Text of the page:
As the multiple aspects of this crisis unfold in the months and years to come, will this hyperlocal infrastructure be used for mobilising around these different campaigns? Elements of this are already visible. For instance, on May 24 activists associated with COVID-19 mutual aid groups staged a die-in outside the house of Dominic Cummings, a senior advisor to the prime minister who has been accused of breaching coronavirus regulations around social distancing. At the time of writing, when Black Lives Matter protests are taking place all over the world, information about how to support BLM is circulating in COVID-19 Whatsapp groups. There is also the question, a bit less interesting in my view, of how these mutual aid groups can influence local elections and local government.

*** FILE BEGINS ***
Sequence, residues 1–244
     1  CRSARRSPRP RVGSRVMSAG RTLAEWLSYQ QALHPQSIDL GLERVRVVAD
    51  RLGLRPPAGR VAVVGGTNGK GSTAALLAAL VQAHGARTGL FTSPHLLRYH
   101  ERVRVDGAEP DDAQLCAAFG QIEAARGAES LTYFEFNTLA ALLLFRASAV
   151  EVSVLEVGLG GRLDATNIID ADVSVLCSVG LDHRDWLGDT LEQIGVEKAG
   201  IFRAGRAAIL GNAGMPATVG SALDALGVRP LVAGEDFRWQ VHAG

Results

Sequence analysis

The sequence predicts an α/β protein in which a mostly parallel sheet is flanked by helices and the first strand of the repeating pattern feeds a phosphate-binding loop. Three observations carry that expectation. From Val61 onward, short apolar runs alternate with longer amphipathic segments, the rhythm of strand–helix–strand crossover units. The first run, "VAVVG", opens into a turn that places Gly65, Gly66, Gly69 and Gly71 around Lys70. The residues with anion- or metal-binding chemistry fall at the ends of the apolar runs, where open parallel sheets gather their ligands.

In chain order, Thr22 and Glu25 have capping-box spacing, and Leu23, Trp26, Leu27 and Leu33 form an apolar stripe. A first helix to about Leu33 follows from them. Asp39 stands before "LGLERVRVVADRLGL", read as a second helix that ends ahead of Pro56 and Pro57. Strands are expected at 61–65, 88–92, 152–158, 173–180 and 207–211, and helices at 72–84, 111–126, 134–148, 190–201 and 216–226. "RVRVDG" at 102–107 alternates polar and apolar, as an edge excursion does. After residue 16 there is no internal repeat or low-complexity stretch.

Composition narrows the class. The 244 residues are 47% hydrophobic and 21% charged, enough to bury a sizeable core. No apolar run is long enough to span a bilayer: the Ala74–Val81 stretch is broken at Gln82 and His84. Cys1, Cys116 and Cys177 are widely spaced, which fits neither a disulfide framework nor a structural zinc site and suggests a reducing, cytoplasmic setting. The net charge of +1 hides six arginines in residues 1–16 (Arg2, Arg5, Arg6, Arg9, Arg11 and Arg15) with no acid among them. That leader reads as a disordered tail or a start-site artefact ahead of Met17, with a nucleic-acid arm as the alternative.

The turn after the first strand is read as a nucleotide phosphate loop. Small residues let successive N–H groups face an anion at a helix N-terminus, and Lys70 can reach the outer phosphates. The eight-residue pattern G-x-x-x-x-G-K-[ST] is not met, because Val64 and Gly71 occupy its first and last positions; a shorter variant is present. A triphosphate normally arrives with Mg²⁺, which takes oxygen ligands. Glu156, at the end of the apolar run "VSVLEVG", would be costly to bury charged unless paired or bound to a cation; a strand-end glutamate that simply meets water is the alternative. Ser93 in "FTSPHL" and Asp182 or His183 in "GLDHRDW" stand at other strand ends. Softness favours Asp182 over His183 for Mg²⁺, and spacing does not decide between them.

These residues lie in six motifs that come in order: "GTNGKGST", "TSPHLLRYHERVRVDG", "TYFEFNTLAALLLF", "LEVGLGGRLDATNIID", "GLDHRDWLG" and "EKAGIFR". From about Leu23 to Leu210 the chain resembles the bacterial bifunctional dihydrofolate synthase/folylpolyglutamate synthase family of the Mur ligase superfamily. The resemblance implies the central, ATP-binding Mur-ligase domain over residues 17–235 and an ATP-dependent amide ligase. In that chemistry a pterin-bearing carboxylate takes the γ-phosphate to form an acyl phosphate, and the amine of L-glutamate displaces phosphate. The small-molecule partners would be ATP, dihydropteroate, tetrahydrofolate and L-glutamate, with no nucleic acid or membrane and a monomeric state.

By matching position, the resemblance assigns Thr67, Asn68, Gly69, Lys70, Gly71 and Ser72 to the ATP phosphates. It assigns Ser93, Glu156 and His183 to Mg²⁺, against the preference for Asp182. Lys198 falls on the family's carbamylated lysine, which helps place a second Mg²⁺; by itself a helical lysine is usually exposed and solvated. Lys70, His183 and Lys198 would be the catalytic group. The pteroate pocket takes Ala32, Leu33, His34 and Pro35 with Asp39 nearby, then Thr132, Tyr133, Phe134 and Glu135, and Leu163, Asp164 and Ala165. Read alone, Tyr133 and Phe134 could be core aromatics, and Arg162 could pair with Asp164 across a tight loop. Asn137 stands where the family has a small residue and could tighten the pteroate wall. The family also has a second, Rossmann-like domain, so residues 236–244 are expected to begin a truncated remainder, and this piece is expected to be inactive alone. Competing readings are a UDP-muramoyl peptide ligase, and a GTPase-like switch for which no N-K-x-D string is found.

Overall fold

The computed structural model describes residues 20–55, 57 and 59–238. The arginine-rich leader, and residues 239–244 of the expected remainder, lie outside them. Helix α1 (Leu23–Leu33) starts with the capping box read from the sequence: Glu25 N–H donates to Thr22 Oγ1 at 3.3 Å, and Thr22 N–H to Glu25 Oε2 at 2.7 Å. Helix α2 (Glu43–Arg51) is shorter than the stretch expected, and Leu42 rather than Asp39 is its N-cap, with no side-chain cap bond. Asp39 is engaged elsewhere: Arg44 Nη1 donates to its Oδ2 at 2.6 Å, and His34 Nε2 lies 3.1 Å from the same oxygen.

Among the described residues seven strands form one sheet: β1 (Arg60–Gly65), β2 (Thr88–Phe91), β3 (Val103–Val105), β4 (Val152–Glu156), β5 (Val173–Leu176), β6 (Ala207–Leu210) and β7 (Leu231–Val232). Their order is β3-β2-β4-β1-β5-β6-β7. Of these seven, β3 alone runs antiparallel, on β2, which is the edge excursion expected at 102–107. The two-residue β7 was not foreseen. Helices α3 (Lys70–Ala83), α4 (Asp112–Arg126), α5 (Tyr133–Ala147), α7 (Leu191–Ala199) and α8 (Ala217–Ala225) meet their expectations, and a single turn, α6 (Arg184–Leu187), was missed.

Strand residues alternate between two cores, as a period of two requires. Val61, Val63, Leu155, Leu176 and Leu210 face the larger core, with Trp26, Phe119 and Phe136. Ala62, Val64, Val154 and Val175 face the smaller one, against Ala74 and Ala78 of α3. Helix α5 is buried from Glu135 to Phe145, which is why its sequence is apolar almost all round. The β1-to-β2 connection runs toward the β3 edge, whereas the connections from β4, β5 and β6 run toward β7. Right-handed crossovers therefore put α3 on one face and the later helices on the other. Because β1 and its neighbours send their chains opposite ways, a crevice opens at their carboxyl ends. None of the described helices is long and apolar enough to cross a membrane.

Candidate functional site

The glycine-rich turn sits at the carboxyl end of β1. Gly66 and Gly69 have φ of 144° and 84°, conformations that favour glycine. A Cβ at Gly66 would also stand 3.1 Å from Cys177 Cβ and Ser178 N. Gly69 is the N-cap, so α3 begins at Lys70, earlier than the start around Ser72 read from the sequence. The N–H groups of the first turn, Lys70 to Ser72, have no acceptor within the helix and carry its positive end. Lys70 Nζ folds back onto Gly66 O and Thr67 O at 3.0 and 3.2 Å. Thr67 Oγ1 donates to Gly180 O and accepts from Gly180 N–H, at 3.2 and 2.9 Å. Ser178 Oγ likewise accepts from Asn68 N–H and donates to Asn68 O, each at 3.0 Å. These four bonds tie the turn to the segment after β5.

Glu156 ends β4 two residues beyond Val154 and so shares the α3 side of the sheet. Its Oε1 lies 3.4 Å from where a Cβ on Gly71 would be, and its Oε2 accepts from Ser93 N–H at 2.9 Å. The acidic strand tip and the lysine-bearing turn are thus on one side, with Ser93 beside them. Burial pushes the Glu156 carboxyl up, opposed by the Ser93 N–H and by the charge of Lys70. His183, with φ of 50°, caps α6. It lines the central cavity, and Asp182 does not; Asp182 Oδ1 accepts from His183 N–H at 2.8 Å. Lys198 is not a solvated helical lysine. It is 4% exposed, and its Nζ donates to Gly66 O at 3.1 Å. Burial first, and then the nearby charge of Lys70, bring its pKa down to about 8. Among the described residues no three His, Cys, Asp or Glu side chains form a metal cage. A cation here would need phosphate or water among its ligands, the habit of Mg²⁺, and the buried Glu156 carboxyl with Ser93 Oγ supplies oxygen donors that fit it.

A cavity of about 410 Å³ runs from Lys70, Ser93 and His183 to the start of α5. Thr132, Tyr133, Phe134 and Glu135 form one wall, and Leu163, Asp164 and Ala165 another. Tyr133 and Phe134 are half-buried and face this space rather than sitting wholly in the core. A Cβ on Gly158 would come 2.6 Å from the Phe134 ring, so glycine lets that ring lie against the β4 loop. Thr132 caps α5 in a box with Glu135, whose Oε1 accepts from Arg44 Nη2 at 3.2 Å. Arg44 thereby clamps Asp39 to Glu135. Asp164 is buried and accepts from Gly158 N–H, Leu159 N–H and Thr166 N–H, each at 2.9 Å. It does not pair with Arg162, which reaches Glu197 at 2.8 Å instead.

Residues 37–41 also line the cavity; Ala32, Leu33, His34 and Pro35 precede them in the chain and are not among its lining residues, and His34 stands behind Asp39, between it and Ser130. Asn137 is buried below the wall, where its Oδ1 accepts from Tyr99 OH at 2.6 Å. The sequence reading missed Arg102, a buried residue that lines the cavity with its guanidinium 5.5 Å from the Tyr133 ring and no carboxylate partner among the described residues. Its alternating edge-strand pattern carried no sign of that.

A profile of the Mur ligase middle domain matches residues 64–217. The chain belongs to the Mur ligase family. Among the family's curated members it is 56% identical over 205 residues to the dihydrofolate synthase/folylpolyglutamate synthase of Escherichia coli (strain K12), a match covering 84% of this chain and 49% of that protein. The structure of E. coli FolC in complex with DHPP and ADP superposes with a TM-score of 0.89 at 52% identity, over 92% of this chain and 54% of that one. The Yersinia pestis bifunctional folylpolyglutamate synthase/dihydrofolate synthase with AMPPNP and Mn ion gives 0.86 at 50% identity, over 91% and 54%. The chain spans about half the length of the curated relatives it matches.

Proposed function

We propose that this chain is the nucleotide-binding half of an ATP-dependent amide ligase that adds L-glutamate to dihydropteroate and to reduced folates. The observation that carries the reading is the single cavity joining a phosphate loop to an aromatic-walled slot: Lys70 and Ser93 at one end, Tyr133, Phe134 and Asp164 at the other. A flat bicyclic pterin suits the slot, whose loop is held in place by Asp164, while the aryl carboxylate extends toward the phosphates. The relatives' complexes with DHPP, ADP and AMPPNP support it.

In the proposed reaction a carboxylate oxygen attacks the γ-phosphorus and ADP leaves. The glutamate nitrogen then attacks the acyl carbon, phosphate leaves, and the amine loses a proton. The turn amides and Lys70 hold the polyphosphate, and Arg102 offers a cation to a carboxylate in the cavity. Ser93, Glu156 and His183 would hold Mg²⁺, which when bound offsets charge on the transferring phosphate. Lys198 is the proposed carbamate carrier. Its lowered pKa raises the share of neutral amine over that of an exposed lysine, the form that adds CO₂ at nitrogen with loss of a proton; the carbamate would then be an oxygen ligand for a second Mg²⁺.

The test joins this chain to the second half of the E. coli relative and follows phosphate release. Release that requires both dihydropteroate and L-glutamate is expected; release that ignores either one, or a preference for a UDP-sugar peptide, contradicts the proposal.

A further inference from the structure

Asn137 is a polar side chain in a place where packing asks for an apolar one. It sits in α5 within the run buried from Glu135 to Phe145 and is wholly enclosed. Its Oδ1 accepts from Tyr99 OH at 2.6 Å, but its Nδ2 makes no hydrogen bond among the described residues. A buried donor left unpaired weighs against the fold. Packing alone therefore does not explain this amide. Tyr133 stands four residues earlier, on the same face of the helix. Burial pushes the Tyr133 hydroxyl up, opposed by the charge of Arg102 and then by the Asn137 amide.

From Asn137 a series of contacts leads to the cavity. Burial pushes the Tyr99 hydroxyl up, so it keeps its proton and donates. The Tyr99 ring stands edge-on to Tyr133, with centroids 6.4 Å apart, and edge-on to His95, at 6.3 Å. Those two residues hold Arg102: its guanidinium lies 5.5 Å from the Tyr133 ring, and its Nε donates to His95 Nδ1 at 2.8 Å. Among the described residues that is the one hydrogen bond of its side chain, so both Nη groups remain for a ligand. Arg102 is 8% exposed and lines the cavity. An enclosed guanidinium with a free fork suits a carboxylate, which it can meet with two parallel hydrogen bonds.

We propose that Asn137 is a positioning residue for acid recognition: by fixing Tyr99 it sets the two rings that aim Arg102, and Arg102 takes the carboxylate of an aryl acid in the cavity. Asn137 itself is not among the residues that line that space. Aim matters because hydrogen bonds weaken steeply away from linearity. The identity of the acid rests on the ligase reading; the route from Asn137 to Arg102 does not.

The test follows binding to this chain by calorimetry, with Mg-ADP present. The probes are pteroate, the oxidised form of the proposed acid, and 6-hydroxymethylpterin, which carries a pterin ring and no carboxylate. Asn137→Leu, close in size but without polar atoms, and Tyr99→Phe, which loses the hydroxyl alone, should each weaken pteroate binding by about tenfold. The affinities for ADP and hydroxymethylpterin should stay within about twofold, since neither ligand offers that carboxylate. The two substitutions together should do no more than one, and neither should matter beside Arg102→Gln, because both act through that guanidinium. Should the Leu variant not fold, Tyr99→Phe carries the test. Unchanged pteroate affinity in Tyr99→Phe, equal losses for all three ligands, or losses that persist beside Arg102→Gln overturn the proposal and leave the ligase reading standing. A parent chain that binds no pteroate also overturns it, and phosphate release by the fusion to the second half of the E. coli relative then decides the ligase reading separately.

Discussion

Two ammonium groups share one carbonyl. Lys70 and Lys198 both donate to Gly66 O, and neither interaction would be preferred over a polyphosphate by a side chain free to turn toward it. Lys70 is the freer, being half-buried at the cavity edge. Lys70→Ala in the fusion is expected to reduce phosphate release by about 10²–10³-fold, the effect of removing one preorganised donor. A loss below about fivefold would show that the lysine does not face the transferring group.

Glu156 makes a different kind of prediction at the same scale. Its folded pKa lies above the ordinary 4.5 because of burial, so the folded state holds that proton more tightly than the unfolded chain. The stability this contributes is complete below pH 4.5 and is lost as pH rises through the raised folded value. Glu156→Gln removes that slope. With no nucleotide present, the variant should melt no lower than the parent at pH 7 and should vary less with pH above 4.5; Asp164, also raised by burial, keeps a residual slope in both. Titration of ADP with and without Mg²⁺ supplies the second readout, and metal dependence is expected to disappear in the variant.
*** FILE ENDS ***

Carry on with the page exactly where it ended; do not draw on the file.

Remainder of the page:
As a hyperlocal infrastructure of care, COVID-19 mutual aid groups revolve around caring for neighbours. This care may take many forms as needs change, but one thing is for sure: by strengthening the relationships of people living in geographical proximity, the problems of health, isolation, discrimination, unemployment or housing are no longer experienced as abstract societal issues, but as local realities that are affecting someone you know personally. This can have a powerful impact on political mobilisation and social transformation.